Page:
When thinking about patterns of destruction in your life, figuring out the source of your pain is the key. An excellent way to do that is to examine the pay-off. What are you trying to get out of these relationships and interactions that ultimately cause you more pain and suffering? Love? Attention? Praise? Pity? Try to be unflinchingly honest with yourself; you don’t have to share the information with anyone else. (Although sometimes doing so is incredibly healing and liberating). Do you long to be the hero of the story, or the victim? Is it possible you’re addicted to painful feelings because they feel familiar? Awful, but like home, like what you know? If you can’t identify what’s driving you, it’s very difficult to do anything about it. It’s like hiking a slippery trail in the pitch-dark, you’re just going to keep falling and crashing into things or people, hurting yourself and others without wanting or meaning to, but being at a loss as to how to stop the cycle.
Sometimes the pull of these relationships is like an addiction. You need the fix. I think many people are addicted to something. We tend to think about drugs and alcohol, but people can be addicted to approval. A person who’s taught that love is conditional can perpetuate that idea in almost every relationship in their life, and feel they must earn love, they must be perfect to be appreciated. Evidence of that love is the pay-off in that case. A kind word, a hug, a thoughtful gesture, and the person feels good for a moment, and starts working again for the next fix, for the next high.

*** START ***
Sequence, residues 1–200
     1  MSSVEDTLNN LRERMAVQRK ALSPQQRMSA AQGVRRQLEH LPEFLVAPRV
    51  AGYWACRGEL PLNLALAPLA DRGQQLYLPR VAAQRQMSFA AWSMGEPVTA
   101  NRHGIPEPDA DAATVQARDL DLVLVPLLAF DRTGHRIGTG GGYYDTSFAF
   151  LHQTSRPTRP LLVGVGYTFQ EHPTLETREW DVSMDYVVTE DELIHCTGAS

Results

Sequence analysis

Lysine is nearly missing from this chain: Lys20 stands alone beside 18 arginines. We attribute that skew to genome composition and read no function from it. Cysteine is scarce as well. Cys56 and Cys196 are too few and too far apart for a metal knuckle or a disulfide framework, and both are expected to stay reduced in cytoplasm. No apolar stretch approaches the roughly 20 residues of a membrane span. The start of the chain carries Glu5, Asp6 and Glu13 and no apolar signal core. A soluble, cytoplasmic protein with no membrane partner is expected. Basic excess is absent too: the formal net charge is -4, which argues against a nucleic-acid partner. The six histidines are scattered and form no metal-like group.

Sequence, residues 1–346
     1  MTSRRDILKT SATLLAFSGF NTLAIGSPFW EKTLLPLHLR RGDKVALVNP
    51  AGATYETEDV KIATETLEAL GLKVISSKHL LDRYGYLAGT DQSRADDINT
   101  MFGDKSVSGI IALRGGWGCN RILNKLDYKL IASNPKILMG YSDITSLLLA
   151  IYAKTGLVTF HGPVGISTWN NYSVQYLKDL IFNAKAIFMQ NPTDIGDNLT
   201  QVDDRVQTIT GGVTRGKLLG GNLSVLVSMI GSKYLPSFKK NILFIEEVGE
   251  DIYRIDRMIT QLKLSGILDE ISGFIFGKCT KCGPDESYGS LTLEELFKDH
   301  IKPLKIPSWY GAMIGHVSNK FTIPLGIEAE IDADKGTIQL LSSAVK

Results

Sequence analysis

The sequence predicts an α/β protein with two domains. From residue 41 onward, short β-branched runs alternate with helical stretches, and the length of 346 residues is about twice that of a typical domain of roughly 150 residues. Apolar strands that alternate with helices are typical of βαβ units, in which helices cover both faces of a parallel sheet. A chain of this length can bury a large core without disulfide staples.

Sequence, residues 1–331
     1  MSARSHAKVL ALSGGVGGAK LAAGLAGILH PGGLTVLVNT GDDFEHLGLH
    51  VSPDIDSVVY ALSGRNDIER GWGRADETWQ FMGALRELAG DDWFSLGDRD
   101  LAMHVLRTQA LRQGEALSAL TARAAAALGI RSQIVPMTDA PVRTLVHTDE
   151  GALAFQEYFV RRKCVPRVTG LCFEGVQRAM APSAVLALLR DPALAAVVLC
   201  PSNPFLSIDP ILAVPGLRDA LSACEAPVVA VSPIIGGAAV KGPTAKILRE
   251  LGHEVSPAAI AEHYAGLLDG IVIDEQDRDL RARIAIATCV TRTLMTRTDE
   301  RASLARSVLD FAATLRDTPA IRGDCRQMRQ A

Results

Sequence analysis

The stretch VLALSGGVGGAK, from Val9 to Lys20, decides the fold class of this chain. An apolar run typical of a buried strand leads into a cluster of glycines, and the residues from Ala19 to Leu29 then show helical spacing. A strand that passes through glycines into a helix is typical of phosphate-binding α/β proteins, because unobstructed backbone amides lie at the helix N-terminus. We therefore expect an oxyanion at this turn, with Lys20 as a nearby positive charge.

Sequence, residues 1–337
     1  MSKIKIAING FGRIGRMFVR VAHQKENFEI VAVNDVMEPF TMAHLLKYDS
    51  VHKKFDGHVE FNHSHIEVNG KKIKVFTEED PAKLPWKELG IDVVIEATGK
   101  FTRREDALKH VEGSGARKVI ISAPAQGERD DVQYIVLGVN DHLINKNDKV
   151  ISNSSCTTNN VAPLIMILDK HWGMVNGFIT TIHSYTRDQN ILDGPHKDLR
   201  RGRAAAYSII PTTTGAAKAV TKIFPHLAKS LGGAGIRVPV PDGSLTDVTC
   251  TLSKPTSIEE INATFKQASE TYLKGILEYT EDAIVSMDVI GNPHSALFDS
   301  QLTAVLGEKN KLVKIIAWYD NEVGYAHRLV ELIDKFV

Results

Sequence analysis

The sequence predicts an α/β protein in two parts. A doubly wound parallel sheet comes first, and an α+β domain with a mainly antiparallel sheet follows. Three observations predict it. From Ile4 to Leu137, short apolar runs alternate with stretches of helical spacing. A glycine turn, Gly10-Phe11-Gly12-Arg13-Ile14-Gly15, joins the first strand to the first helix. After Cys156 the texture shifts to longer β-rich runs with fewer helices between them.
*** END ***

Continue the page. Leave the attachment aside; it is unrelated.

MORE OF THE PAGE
Pain drives addiction. That’s an absolute. A happy, healthy person is not going to shoot heroin or try crack, not even once. A happy, healthy person is not going to get drunk and stoned every night, or chase a partner who cannot love them well, or gamble away thousands of dollars every day, or shop online until they’re bankrupt, or eat ’til they throw up, or starve ’til they are bones, or watch porn relentlessly, or rage uncontrollably at their loved ones all the time. Pain is at the root of addiction, or more accurately, the refusal or inability to sit with it. It takes practice and tremendous effort to lean into your pain, especially if you have a life-long habit of numbing it out. We are taught to push this stuff down. “Don’t be sad”, “Don’t be angry”, “Don’t cry”. It’s like a cultural mantra for those of us in the west, to be strong and tough. That’s largely because of the whole “survival of the fittest” mentality which we’ve completely misunderstood and adopted as a way of being. It doesn’t seem to be working out too well for us.
So if you’ve been numbing out for years and you aren’t in touch with your perfectly natural feelings of sadness or anger or fear or confusion, shame or guilt or grief or jealousy, learning to open to all of those uncomfortable but necessary emotions is going to take some time and practice. You might need a considerable amount of help and support. It’s like learning a new language, only harder, because you’re adopting a new way of being. You’re changing your internal wiring. You’re intentionally crashing your own hard-drive. If you figure out the source of your pain and you open to it, you free yourself. You end the cycle. The pull of the addiction fades. It might creep up from time to time when you’re feeling vulnerable or tested, but you’ll recognize it right away and brush it off like a fly on your shoulder. That’s the formula. You can be in a state of craving, hungry for the fix, or you can be hungry for the truth, whatever it may be for you. The other option is trying to avoid your pain, and in that scenario, it owns you. It rules you. It will continue to drive you. You’ll have nothing but “sorry” when you could have so much love.
Sending you a ton of it right now,